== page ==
The show’s creator is Rebecca Sugar, and while questions about lesbian subtext were raised early, only sometime over the summer at a convention did Rebecca Sugar make a public statement about her sexuality and how much it factors into the show, where before much of it was couched behind plausible deniability.

The gender-politics of Steven Universe have focused around two “Slash” subplots, the perma-fusion of Sapphire and Ruby into Garnet, and the aftermath of the unrequired love-triangle of Pearl/Rose.  The story of Ruby and Sapphire rests more within the plausible deniability of the all-female gem society.  The Pearl/Rose subplot is where things begin to fall apart, for two reasons.  For one, Rose develops a heterosexual romance with a human (Greg).  The other came in the form of tonight’s episode, (Last One out of Beach City) where Pearl becomes infatuated with a human woman who looks a lot like Rose.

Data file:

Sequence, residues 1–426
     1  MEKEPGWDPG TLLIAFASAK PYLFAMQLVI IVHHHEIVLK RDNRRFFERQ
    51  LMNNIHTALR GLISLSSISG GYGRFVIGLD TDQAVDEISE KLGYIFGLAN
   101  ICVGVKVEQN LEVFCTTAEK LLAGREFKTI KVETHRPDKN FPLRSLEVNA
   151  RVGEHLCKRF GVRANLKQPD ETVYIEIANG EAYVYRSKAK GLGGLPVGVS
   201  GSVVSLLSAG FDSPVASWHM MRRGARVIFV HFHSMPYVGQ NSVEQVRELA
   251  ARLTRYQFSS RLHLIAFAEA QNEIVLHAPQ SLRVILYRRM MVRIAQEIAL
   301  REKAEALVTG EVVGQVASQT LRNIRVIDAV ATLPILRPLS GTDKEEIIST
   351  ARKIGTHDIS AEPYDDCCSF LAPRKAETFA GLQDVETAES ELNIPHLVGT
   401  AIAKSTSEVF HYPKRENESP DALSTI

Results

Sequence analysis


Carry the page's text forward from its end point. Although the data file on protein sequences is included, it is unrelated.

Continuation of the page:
The fact this lookalike is human raises all sorts of problems.  First and foremost, it presents an unambiguous case of Pearl becoming attracted to a species that DOES have two genders, but choosing the female.  Secondly, this incarnation of Rose is much more “butch” than the actual Rose Quartz, complete with extra ear piercings, a lip ring, a tall stocky frame, and riding a motorcycle.  But here’s the real Rose Quartz below (RIP).

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Over the course of the series, the gems have often been drawn with very masculine body-shapes, with Jasper and Bismuth looking about as female as your average Mr. Universe contestant.

This was fine in the context of a species that has no gender.  Implied gender would need to then come from the variety of body shapes and personalities.  But the fact is that this is exactly how lesbians are sorted, being into the lipstick and butch buckets.

Sapphire is feminine with long hair, a dress, and skinny arms.  Ruby looks, sounds, and acts like Rambo as a boy.